Enable your team to perform effective Mission Planning, conduct realistic Team Training and allow yourself to hone your skills against 'real' threats even while enroute to your deployment area.

EWCS’s training package is both comprehensive and affordable and supports Airborne and Land-based operators/operations as well.


Lesson 1 - Defining the SIGINT Spectrum;
Lesson 2 - Spectrum Transmitters; and
Lesson 3 - SIGINT Receivers (WWII to Today)

Overview Unit 1

Unit 1 introduces candidates to the electromagnetic spectrum by showing them where different types of signals are contained.  Emphasis is placed on the Radio and Radar portions of the spectrum along with learning the terminology and the types of signals that EW operators can expect to see.  Lesson 3 is a graphical compilation of the EW equipment history of Canada and her international partner’s.  Evolving from WW II, see the systems used by both the Allies and the Axis, to the modern systems that are used today for Electronic Support, Electronic Attack and Electronic Protection in support of Maritime operations.  A must see!!


Lesson 4 - Security Classifications and Clearances;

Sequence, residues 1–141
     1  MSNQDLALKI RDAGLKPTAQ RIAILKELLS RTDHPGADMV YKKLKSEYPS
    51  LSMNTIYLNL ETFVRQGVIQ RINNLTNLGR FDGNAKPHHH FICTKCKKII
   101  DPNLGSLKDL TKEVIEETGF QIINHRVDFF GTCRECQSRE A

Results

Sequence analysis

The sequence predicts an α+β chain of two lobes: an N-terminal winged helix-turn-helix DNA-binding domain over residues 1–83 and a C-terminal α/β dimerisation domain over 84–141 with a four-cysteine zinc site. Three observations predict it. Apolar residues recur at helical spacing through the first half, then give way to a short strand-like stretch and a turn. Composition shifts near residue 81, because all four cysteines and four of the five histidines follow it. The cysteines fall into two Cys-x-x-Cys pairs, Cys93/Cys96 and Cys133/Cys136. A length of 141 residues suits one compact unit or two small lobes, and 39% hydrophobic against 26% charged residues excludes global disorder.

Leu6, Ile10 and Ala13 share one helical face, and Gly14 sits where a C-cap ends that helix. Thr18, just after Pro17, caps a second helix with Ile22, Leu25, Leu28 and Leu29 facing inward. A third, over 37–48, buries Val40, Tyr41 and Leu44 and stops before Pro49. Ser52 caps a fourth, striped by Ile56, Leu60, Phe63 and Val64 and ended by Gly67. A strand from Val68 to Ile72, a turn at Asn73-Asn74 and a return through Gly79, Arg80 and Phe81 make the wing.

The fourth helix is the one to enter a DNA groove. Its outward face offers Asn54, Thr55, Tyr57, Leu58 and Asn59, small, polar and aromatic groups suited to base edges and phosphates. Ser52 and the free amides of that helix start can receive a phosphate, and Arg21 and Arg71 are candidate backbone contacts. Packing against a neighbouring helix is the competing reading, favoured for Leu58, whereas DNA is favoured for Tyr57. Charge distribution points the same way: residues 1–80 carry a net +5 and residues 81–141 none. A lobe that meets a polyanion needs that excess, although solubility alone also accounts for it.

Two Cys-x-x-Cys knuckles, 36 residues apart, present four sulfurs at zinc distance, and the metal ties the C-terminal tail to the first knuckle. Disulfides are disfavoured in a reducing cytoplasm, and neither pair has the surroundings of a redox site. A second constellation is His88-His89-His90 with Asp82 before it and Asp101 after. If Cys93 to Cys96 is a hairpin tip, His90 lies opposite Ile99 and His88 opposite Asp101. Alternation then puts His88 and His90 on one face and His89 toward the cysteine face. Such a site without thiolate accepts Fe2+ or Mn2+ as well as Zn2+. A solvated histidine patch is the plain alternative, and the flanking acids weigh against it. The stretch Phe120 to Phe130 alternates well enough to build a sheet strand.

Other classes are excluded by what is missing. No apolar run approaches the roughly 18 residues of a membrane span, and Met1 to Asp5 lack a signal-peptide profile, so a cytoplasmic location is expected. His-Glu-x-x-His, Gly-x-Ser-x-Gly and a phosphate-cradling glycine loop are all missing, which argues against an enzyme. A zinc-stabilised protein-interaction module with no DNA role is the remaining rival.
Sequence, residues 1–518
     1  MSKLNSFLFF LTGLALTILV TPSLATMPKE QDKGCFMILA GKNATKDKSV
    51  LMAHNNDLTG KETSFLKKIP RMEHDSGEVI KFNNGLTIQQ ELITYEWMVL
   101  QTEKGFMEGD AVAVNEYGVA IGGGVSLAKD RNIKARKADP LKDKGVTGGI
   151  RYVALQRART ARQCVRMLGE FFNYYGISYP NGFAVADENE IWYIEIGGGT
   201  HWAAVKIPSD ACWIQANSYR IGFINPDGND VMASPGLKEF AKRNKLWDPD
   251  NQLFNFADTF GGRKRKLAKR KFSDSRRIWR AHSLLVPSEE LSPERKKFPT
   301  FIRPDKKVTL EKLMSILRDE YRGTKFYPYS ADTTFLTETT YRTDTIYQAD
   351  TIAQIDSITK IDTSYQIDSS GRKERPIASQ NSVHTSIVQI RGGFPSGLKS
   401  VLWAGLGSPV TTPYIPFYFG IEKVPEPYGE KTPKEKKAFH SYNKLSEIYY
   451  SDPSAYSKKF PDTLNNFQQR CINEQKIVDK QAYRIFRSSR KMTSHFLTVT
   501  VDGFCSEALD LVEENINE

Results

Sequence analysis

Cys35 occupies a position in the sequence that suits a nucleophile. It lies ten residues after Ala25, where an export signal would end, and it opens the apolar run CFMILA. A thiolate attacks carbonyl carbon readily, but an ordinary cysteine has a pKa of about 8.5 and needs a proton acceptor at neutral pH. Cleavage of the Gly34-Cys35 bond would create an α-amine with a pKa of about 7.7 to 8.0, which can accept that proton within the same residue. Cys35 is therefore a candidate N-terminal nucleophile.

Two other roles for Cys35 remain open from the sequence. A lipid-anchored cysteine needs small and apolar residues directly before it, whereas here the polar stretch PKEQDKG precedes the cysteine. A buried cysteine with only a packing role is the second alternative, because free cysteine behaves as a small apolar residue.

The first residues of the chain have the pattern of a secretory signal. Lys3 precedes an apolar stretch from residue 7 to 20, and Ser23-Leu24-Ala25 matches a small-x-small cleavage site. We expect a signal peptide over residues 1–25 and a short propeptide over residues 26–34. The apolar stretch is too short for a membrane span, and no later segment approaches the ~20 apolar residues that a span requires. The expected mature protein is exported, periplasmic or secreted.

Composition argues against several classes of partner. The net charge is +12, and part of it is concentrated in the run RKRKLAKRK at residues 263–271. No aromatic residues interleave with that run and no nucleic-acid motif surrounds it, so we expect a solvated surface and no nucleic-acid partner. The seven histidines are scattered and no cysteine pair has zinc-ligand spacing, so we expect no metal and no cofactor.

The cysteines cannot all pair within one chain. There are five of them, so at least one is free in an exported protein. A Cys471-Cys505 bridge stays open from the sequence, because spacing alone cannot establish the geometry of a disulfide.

Lesson 5 - Codification Processes for Platforms and Equipment;
Lesson 6 - SIGINT Organizations and Agreements;
Lesson 7 - How SIGINT fits into the many different types of Intelligence; and
Lesson 8 - Electronic Warfare Databases and Reprogramming

Overview Unit 2

Unit 2 covers SIGINT management and provides the candidate with an understanding of the SIGINT information structure.  Candidates will learn how to support SIGINT systems and they will become familiar with the many different types of information and sources that make up Signals Intelligence.  Finally, candidates will learn how SIGINT is collated, codified and reprogrammed to enable Electronic Warfare specialists to distinguish between Friend and Foe.


Lesson 9 - The Strategic SIGINT Collector; and
Lesson 10 - Tactical Electronic Warfare Tasking and Management – Being EWCS

Overview Unit 3

Unit 3, “The SIGINT Operator”, covers the typical duties performed by both strategic and tactical EW operators.  Aspects of these two lectures range from why SIGINT is conducted to how it is applied in modern warfare to ensure survival.  Having the best EW equipment in the world does not guarantee success without the ability to use it.  At the end of Unit 3, candidates will participate in a littoral-based simulation titled “A Conflict in the Maritimes”. This scenario brings together the teaching points of all three units and is centered around the related EW emissions that operators may encounter during Anti-Air Warfare (AAW), Anti-Surface Warfare (ASuW), Anti-Submarine Warfare (ASW) and normal peace-time events.

Is your TEAM ready to assume Electronic Warfare Control duties or to work in a related Electronic Warfare environment? (sub rosa)